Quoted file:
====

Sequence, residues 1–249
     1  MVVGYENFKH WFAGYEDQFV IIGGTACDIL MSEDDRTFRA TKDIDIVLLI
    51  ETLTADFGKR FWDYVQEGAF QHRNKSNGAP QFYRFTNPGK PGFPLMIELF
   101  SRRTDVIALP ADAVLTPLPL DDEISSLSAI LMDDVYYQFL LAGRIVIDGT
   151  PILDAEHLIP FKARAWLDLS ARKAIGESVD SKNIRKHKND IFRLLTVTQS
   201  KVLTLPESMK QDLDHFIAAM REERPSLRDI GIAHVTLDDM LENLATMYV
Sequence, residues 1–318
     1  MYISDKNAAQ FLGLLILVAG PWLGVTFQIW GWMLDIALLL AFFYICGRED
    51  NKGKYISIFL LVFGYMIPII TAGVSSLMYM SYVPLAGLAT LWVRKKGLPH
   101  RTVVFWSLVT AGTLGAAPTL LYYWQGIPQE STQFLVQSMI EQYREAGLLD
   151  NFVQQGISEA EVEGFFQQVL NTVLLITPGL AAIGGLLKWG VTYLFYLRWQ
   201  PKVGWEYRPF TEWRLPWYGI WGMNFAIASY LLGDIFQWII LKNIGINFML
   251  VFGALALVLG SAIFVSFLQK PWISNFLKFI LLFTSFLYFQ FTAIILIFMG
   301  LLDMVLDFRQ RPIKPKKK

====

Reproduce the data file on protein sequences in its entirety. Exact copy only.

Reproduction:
Sequence, residues 1–249
     1  MVVGYENFKH WFAGYEDQFV IIGGTACDIL MSEDDRTFRA TKDIDIVLLI
    51  ETLTADFGKR FWDYVQEGAF QHRNKSNGAP QFYRFTNPGK PGFPLMIELF
   101  SRRTDVIALP ADAVLTPLPL DDEISSLSAI LMDDVYYQFL LAGRIVIDGT
   151  PILDAEHLIP FKARAWLDLS ARKAIGESVD SKNIRKHKND IFRLLTVTQS
   201  KVLTLPESMK QDLDHFIAAM REERPSLRDI GIAHVTLDDM LENLATMYV
Sequence, residues 1–318
     1  MYISDKNAAQ FLGLLILVAG PWLGVTFQIW GWMLDIALLL AFFYICGRED
    51  NKGKYISIFL LVFGYMIPII TAGVSSLMYM SYVPLAGLAT LWVRKKGLPH
   101  RTVVFWSLVT AGTLGAAPTL LYYWQGIPQE STQFLVQSMI EQYREAGLLD
   151  NFVQQGISEA EVEGFFQQVL NTVLLITPGL AAIGGLLKWG VTYLFYLRWQ
   201  PKVGWEYRPF TEWRLPWYGI WGMNFAIASY LLGDIFQWII LKNIGINFML
   251  VFGALALVLG SAIFVSFLQK PWISNFLKFI LLFTSFLYFQ FTAIILIFMG
   301  LLDMVLDFRQ RPIKPKKK